The Common Lectionary was published in 1983 out of an ecumenical effort by both American and Canadian denominations to have a common experience of the story of Scripture throughout the Church year . There were some various problems with its trial run so the same people who brought us the Common Lectionary went back to the ol’ drawing board and brought us the Revised Common Lectionary which you can peruse at this link. The Revised Common Lectionary, published in 1992, takes into account constructive criticism of the Common Lectionary. It is a three-year cycle of Sunday Eucharistic readings in which Matthew, Mark, and Luke are read in successive years with some material from John read in each year.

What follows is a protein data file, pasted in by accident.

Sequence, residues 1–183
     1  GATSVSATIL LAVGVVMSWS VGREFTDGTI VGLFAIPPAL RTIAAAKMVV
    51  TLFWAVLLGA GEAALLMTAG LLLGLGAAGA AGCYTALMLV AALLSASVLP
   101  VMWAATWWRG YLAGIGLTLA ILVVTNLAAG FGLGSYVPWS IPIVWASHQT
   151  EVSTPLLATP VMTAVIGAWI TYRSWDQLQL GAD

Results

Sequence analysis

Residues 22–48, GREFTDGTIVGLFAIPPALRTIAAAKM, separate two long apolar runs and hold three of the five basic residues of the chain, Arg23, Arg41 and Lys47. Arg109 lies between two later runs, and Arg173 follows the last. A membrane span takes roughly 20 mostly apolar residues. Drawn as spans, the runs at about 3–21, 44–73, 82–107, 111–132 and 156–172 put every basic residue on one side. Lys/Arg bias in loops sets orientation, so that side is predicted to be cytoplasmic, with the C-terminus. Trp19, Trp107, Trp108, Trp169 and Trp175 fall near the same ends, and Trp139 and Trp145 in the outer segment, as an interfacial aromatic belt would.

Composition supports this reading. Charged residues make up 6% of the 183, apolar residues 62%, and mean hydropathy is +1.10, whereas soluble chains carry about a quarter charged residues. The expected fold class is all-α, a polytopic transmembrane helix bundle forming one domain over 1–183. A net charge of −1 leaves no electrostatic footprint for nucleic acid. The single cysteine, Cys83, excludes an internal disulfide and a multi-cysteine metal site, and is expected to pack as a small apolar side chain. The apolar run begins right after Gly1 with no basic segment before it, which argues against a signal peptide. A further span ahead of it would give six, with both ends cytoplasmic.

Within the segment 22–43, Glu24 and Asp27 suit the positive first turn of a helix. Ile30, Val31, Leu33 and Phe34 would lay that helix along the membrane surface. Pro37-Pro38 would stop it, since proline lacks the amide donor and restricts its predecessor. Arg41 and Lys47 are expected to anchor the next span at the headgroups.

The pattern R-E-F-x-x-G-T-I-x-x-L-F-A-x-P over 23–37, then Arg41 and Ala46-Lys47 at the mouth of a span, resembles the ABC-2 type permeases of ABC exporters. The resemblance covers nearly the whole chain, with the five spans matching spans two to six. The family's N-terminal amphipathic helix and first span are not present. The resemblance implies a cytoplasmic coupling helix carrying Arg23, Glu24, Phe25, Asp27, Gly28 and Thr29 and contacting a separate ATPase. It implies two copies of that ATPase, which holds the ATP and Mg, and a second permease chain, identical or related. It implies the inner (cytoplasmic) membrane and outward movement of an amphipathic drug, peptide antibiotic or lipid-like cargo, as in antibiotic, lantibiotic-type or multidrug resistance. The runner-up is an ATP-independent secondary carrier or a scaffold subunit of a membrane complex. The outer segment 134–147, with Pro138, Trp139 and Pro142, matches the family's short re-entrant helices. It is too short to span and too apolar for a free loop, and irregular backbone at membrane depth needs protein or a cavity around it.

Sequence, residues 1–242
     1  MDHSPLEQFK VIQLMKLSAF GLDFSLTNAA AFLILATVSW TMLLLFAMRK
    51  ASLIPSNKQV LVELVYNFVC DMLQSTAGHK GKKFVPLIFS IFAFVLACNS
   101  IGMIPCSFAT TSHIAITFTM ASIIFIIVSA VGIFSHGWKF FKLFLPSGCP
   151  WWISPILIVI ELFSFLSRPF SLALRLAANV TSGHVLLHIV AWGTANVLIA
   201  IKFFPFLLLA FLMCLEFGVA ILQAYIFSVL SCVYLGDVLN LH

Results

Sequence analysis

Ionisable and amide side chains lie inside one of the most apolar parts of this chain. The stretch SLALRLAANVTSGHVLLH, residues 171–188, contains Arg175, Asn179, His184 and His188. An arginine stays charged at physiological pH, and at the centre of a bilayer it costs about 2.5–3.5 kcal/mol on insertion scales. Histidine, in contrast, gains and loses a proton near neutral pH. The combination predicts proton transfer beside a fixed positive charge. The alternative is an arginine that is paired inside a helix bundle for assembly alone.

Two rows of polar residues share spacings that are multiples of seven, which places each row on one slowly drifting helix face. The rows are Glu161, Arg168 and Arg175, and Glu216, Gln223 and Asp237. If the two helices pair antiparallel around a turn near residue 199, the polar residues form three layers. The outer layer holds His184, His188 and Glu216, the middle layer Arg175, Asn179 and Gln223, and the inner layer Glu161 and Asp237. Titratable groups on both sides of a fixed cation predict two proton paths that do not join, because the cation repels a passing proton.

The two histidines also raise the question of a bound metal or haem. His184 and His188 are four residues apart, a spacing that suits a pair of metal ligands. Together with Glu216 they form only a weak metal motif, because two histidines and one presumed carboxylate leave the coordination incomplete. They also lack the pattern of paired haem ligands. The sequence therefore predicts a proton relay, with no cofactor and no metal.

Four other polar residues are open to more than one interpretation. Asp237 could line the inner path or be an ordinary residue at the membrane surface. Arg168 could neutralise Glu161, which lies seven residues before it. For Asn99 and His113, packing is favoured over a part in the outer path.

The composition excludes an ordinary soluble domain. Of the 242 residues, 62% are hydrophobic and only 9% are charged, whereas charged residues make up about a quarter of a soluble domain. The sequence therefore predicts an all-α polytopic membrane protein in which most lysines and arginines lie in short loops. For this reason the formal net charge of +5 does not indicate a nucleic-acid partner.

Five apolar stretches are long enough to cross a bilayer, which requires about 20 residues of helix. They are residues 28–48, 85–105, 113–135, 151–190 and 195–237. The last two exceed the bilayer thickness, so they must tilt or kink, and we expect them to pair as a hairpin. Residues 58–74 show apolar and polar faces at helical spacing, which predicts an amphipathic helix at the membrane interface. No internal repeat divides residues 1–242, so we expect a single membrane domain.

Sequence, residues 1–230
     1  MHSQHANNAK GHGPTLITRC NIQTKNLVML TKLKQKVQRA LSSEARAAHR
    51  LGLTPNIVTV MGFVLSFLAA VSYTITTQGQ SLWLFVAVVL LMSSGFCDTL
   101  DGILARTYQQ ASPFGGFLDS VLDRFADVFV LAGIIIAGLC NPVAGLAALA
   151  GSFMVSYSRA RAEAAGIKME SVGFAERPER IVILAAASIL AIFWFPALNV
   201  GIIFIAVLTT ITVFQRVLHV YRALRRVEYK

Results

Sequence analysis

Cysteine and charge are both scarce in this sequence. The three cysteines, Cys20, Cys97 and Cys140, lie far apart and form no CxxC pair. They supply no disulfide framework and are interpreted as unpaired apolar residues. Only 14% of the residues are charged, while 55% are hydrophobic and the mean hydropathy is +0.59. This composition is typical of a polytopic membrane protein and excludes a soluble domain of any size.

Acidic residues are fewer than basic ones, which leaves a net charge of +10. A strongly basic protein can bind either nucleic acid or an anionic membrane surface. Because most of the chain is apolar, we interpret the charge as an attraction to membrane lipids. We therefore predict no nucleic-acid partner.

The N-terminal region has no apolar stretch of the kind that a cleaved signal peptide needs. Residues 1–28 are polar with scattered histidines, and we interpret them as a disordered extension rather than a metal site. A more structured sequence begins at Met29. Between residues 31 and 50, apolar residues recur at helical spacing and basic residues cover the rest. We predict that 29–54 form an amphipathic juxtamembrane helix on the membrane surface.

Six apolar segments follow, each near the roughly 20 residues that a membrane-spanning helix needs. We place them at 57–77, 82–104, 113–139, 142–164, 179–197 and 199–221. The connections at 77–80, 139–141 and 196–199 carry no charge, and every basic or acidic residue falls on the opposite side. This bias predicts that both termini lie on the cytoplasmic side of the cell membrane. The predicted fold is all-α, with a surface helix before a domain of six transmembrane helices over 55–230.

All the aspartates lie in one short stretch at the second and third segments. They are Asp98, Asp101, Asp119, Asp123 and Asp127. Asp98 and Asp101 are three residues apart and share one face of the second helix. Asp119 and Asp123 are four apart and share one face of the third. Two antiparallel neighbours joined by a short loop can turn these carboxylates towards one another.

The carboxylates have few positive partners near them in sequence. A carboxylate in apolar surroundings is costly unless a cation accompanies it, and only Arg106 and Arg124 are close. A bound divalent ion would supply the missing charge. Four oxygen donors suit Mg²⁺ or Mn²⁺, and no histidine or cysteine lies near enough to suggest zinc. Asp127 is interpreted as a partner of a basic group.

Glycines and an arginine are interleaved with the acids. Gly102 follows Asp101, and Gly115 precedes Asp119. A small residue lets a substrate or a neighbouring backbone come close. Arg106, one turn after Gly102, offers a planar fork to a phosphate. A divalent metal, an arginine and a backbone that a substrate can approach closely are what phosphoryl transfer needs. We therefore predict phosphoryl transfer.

When a mainline church uses the lectionary this is typically their go-to. Many PCUSA, Cumberland Presbyterian, United Methodist, and American Baptist congregations walk through this lectionary every three years.*

LCMS One Year Lectionary

The Missouri Synod Lutheran Church developed the one year lectionary which you can view here. Admittedly, I don’t know much about this lectionary, but from what I’ve seen it could be handy for pastors who want to introduce the Christian calendar to congregations that have historically been low church.

At this link you can read a talk given by Rev. Randy Asburry where he gives some compelling reasons for using this lectionary.

The Narrative Lectionary